Tao of the Zentropist

September 12, 2012

KAYAKING AND THE NATURE OF LIFE

“I am haunted by waters.

Norman Maclean, A River Runs Through It and Other Stories

There is something that is truly sublime about paddling a traditional style kayak, in which the paddler sits inside of a cockpit (typically enclosed by a spray skirt to prevent water from entering) and practically “wears” the craft, attuned to every nuance of movement and the thrumming of water passing mere inches beneath one’s backside. Not to denigrate the sit-on-top designs, which have made kayaking more accessible and user-friendly to the masses, but the experience is simply not the same. And for those who have known the challenges and simple joy and freedom of paddling, whether at sea, running whitewater, or even navigating placid lakes and inlets, there are lessons, both overt and more subtle, to be applied to one’s life.

THE FIRST LESSON: BALANCE REQUIRES FOCUS

Kayaks, by design, are not particularly stable craft. Like a canoe, they can tip and roll very easily if the paddler misses a stroke, or fails to paddle brace, or is hit by unexpected wave action and does not react in time. This lack of inherent stability, however, allows kayaks to be highly responsive to the paddler’s input, and can allow course corrections and adjustments with reasonable efficiency.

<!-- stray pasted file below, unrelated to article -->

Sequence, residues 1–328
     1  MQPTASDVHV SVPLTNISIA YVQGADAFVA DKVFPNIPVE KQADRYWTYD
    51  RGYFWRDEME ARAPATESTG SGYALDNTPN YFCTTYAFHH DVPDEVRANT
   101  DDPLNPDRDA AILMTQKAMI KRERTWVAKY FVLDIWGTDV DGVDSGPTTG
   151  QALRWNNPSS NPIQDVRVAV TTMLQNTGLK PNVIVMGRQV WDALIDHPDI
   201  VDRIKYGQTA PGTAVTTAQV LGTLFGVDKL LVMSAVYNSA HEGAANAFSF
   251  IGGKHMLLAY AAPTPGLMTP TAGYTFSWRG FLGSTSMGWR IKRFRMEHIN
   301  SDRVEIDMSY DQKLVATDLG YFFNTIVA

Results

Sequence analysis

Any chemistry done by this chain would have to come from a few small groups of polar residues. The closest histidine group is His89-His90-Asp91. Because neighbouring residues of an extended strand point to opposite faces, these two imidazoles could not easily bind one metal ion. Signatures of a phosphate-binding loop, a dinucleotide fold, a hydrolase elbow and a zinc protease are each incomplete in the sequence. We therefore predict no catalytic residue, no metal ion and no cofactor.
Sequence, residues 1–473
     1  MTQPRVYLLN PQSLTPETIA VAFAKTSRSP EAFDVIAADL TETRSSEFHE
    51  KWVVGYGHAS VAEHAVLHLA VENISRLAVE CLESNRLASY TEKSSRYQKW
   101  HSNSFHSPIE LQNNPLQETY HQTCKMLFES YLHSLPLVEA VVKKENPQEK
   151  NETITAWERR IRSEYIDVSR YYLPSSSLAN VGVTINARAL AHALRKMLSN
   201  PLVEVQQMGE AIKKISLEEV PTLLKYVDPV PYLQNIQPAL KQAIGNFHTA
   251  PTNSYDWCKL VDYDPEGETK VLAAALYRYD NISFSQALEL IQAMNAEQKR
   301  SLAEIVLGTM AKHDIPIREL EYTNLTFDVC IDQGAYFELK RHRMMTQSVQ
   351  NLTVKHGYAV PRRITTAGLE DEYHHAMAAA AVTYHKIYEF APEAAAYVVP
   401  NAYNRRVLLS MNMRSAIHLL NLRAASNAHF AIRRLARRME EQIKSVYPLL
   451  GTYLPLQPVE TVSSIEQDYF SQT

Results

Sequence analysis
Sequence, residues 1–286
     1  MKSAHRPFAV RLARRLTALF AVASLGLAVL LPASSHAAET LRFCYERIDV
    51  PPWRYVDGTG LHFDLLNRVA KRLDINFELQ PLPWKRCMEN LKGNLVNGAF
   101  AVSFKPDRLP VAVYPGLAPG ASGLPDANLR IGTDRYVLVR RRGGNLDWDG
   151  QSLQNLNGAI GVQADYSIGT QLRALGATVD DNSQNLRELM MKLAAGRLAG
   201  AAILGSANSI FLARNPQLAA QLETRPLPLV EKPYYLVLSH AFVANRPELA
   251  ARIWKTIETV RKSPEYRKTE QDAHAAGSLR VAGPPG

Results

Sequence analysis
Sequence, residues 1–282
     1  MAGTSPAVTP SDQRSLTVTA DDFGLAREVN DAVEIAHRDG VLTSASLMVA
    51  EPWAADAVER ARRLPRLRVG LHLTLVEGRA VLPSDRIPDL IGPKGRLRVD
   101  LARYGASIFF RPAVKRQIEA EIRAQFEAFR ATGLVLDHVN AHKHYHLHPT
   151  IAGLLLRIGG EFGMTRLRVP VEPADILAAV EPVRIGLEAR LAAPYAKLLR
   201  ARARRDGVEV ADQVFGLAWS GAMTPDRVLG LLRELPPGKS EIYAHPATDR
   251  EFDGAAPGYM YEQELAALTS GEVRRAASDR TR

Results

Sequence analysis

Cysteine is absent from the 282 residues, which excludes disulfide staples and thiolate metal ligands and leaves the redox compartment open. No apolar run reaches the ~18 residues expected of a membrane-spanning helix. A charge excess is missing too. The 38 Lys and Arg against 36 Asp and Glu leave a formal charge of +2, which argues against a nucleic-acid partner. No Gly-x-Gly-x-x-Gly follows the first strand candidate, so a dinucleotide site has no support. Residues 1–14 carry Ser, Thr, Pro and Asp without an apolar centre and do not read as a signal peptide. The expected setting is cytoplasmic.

In order to remain upright, particularly when running a fast-moving river or operating in a surf zone or in heavy wave action in the open sea, the paddler must maintain balance and this requires focus. It is easy in our modern world to lose focus; with so many obligations as well as distractions competing for our attention, following a path can be difficult. More so if that path is not clearly marked or is filled with obstacles which challenge easy passage. Without balance, we lose our center, and without command of our center, we are prone to loss of control.

We cannot control everything that happens, but if we maintain balance, we can quickly recover and avoid the worst outcomes.

THE SECOND LESSON: UNDERSTAND THE RHYTHM

The more time that one spends immersed in nature, the more one understands that everything has a natural rhythm. Things are as they are, and all things interact with each other in fairly predictable ways if you understand the dynamics of the relationship and the context of the environment. There are predators and prey. There are symbiotic and parasitic relationships. For sailors, no wind can be a curse, but too much wind can be a nightmare. Water is the essence of life, yet it can sculpt landscapes and kill with no compunction if present in sufficient volume, force or even based on its temperature.